But the Court rejected the plaintiffs’ reasoning, stating that:

…it is well established that Section 230(c)(1) applies not only to defamation claims, where publication is an explicit element, but also to claims where “the duty that the plaintiff alleges the defendant violated derives from the defendant’s status or conduct as a publisher or speaker.”  LeadClick, 838 F.3d at 175 (quoting Barnes v. Yahoo!, Inc., 570 F.3d 1096, 1102 (9th Cir. 2009))

Put another way, even though there is a statute which prohibits providing material support to terrorism, Facebook’s status as a publisher of user-generated content means that it benefits from Section 230’s immunity from being treated as the publisher or speaker of content provided by another information content provider. Facebook wasn’t helping Hamas produce content. Accordingly Facebook could not be found liable for hosting it.

Facebook as information content provider

If Section 230’s immunity applies to liability purportedly arising under 18 U.S.C. § 2333, the next logical step for the plaintiffs – and the argument they raised – was to try to disapply the immunity by arguing that Facebook actually helped to produce Hamas’ content.

This is sort of like a situation we’ve often seen in the Star Trek movies (in particular Star Trek II: The Wrath of Khan and Star Trek: Generations). You don’t have to blast your way through the shields if you can trick the enemy into dropping them.

In Section 230 terms, “dropping the shields” means Facebook would be doing the talking or making other affirmative and material acts that “develop” the content in issue. The plaintiffs contended:

Facebook provided “to HAMAS use of Facebook’s data centers, computer servers, storage and communication equipment, as well as a highly-developed and sophisticated algorithm that facilitates HAMAS’s ability to reach and engage an audience it could not otherwise reach as effectively,”

Which the court understood to mean:

Plaintiffs contend that Facebook’s algorithms “develop” Hamas’s content by directing such content to users who are most interested in Hamas and its terrorist activities… we have recognized that a defendant will not be considered to have developed third‐party content unless the defendant directly and “materially” contributed to what made the content itself “unlawful.”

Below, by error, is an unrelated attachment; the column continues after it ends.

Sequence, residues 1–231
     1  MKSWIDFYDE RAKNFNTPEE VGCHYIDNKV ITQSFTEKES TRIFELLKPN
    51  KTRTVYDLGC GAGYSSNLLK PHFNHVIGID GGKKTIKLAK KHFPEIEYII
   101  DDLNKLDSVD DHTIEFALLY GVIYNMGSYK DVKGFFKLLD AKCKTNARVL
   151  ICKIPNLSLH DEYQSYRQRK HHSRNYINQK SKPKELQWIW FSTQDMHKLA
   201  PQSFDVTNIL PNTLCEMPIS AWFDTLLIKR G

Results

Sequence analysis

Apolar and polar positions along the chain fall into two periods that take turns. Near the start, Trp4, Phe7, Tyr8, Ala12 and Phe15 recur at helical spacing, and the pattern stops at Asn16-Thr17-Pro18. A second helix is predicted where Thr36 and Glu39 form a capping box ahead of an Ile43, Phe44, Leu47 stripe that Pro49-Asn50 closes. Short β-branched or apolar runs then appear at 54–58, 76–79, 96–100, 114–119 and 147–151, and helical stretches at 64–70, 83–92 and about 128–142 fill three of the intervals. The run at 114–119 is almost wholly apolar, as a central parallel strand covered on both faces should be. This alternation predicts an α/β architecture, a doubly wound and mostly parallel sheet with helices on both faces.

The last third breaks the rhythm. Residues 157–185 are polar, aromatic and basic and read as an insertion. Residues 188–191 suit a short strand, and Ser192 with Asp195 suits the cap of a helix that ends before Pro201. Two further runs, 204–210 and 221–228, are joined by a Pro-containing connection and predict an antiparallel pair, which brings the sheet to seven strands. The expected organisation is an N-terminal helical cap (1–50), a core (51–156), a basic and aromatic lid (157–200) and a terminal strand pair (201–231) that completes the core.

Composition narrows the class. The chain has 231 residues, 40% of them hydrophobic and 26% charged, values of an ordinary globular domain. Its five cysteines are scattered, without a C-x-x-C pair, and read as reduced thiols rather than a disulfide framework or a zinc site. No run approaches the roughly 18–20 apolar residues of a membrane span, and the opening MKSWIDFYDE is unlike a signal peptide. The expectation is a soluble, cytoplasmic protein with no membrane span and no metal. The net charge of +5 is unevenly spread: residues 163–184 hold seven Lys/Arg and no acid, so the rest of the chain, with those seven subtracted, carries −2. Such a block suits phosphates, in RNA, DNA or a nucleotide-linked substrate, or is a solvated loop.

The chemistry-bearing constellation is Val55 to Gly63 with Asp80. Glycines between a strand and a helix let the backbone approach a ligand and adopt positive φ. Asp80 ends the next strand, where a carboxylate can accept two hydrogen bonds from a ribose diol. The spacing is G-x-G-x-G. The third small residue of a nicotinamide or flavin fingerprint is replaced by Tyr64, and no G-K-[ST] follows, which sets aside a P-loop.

But the court was not convinced that this was the case.

Pointing to the Ninth Circuit’s decision in Kimzey v Yelp! Inc., the court points out that the “‘material contribution test… ‘draws the line at the crucial distinction between, on the one hand, taking actions… to… display… actionable content and, on the other hand, responsibility for what makes the displayed content [itself] illegal or actionable.”

Accordingly, the court held that Facebook, in this instance, was not materially contributing to Hamas’ content; “arranging and distributing third‐party information,” the majority opined, “inherently forms ‘connections’ and ‘matches’ among speakers, content, and viewers of content, whether in interactive internet forums or in more traditional media.  That is an essential result of publishing.” i.e., Facebook was staying in its lane as an interactive computer service provider.

The court concluded:

Accepting plaintiffs’ argument would eviscerate Section 230(c)(1); a defendant interactive computer service would be ineligible for Section 230(c)(1) immunity by virtue of simply organizing and displaying content exclusively provided by third parties,”

and further that

Plaintiffs’ “matchmaking” argument would also deny immunity for the editorial decisions regarding third‐party content that interactive computer services have made since the early days of the Internet [under Section 230(c)(2)].

tl;dr?

Litigants have made many attempts, through many different means, to try to hold interactive computer service providers engaged in the publishing of third-party content but not creating that content liable as if they were a publisher.